London has always had a rich distillation history when it comes to gin. Originally hailing from the Netherlands in the form of genever, gin made its way to the United Kingdom sometime in the 17th century.
At that time, distilling was considered an art form that required skill developed over centuries by experts, but England was set to change all that. The Distillers Act, which was introduced by parliament in 1690, allowed anyone in the UK to make their own spirits, and inadvertently kicked off London’s dry gin craze. With one in four homes producing their own gin, it was easily procured at the time. But its purity and quality varied greatly. It wasn’t until 1729 that a series of restrictions were enacted to return gin production to larger distilleries that used proper equipment and techniques.
Fast forward to 2009. In a tiny workshop in Hammersmith, two childhood friends, Fairfax and Sam, were overcome by nostalgia for the London dry gin of old. With a shared belief in things well made, they set up London’s first traditional copper distillery since 1820, and Sipsmith was born.
Copper pot stills have long been considered the best way to produce rich and complex dry gin as they are a great conductor of heat and keep the spirit pure without excessive filtration. The simple design of the still preserves the character and complexity of the gin’s botanicals, which means that Sipsmith gins are made with the “heart” (the purest middle cut) of each distillation.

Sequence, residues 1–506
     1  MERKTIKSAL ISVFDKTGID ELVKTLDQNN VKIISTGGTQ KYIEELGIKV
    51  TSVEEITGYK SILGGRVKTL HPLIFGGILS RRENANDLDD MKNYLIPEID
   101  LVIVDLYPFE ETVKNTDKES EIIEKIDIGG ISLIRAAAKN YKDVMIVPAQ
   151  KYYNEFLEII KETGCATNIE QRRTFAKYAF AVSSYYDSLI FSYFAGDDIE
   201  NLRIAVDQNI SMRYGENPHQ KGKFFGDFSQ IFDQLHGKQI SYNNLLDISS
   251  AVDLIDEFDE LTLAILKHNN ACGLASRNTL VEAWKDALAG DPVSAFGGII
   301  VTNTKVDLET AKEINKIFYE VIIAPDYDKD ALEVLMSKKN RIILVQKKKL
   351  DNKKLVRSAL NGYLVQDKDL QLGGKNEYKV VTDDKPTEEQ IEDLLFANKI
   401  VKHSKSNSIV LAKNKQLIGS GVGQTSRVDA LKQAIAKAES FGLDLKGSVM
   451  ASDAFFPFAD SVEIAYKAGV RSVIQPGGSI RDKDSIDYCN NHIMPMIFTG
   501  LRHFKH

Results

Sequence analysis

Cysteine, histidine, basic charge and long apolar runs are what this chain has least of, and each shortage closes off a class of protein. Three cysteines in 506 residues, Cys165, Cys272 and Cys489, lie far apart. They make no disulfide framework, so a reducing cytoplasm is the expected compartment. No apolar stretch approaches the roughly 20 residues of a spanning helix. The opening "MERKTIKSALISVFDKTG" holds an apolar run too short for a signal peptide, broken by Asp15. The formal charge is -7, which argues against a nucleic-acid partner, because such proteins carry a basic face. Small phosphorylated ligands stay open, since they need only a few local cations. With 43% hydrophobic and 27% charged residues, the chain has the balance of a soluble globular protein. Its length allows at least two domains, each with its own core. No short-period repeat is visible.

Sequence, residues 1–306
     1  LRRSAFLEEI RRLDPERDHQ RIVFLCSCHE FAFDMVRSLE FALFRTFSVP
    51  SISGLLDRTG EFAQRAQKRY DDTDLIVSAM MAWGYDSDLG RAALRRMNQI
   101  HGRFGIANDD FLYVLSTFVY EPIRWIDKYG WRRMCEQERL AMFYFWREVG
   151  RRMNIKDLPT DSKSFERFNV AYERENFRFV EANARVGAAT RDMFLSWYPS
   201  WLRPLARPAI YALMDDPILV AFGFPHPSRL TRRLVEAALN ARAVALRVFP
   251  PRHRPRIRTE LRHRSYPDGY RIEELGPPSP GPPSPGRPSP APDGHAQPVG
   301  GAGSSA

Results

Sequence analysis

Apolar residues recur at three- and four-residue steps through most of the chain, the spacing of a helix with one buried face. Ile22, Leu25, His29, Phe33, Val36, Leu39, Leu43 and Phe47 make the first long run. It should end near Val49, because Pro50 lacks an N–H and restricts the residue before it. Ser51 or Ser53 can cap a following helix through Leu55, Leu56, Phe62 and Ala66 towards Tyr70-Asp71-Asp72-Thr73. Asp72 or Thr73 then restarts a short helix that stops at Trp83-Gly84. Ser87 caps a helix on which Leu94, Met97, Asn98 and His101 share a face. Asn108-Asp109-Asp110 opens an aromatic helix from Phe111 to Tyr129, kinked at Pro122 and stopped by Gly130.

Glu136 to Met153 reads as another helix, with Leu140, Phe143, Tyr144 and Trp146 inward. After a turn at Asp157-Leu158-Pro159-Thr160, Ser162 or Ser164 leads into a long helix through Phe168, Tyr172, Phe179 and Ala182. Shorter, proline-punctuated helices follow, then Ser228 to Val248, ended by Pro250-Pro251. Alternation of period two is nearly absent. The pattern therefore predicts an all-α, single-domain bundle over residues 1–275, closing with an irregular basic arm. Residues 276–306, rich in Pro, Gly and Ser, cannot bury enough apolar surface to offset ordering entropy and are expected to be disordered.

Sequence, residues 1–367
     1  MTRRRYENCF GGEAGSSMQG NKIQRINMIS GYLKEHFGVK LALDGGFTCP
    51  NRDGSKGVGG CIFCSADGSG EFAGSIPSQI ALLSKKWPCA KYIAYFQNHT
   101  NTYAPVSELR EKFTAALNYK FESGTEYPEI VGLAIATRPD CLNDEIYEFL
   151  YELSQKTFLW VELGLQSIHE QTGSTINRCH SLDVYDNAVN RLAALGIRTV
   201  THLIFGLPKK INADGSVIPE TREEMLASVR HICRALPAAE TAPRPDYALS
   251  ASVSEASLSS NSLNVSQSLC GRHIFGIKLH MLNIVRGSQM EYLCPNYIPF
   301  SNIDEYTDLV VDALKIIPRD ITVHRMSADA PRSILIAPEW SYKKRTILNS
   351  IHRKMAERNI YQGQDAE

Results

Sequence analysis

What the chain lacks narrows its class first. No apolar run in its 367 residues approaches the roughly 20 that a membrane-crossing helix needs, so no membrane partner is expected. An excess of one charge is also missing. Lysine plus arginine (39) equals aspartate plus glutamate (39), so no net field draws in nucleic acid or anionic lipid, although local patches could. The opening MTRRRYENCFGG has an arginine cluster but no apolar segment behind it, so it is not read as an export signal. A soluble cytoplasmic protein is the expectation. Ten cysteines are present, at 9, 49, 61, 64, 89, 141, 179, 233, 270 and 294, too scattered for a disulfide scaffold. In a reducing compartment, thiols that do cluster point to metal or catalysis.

Sipsmith London Dry Gin won gold medals at the 2014 San Francisco World Spirits Competition and 2012 Great Taste Awards. It features floral, summer meadow notes on the nose with dry juniper on the palate followed by lemon tart and orange marmalade. With botanicals that include Italian orris root, Bulgarian coriander seed, Chinese cassia bark and Seville orange peel, the recipe wouldn’t look unfamiliar to an 18th-century master distiller.
Their Sloe Gin is a beast of an entirely different character. After distillation, the gin is left to rest with hand-picked wild autumn slow berries, giving it a distinctive burgundy hue and flavour that’s both subtle and complex.